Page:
Making parts by electrodeposition on a removable form.
The electroplating of zinc upon iron or steel.
electrogas welding (EGW)
An arc welding process that produces coalescence of metals by heating them with an arc between a continuous filler metal electrode and the work. Molding shoes are used to confine the molten weld metal for vertical position welding. The electrodes may either be flux cored or solid. Shielding may or may not be obtained from an externally supplied gas or mixture.
(1) A process in which metal ions in a dilute aqueous solution are plated out on a substrate by means of autocatalytic chemical reduction. (2) The deposition of conductive material from an autocatalytic plating solution without the application of electrical current.
(1) Chemical change resulting from the passage of an electric current through an electrolyte. (2) The separation of chemical components by the passage of current through an electrolyte.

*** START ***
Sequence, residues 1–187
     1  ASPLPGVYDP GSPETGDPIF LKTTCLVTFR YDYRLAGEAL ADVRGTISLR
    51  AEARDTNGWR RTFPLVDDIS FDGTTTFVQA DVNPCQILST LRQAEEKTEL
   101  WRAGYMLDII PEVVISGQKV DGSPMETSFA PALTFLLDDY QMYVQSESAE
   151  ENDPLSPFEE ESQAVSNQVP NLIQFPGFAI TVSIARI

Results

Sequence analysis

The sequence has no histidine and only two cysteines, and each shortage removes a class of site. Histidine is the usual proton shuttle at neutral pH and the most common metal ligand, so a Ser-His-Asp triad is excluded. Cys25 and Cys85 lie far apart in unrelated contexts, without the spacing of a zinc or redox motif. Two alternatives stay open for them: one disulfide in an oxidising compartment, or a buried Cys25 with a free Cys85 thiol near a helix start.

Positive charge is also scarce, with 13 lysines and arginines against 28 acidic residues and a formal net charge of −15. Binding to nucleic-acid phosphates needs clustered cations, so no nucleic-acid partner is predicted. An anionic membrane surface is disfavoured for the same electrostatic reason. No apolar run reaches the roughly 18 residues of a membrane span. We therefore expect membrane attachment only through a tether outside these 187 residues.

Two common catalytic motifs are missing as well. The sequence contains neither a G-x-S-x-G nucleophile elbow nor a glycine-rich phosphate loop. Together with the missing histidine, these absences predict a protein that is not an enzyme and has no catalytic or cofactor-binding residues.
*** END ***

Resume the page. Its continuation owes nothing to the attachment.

(1) A chemical substance or mixture, usually liquid, containing ions that migrate in an electric field. (2) A chemical compound or mixture of compounds which when molten or in solution will conduct an electric current.
Same as electropolishing.
An assembly, consisting of a vessel, electrodes, and an electrolyte, in which electrolysis can be carried out.
A process of removing soil, scale, or corrosion products from a metal surface by subjecting it as an electrode to an electric current in an electrolytic bath.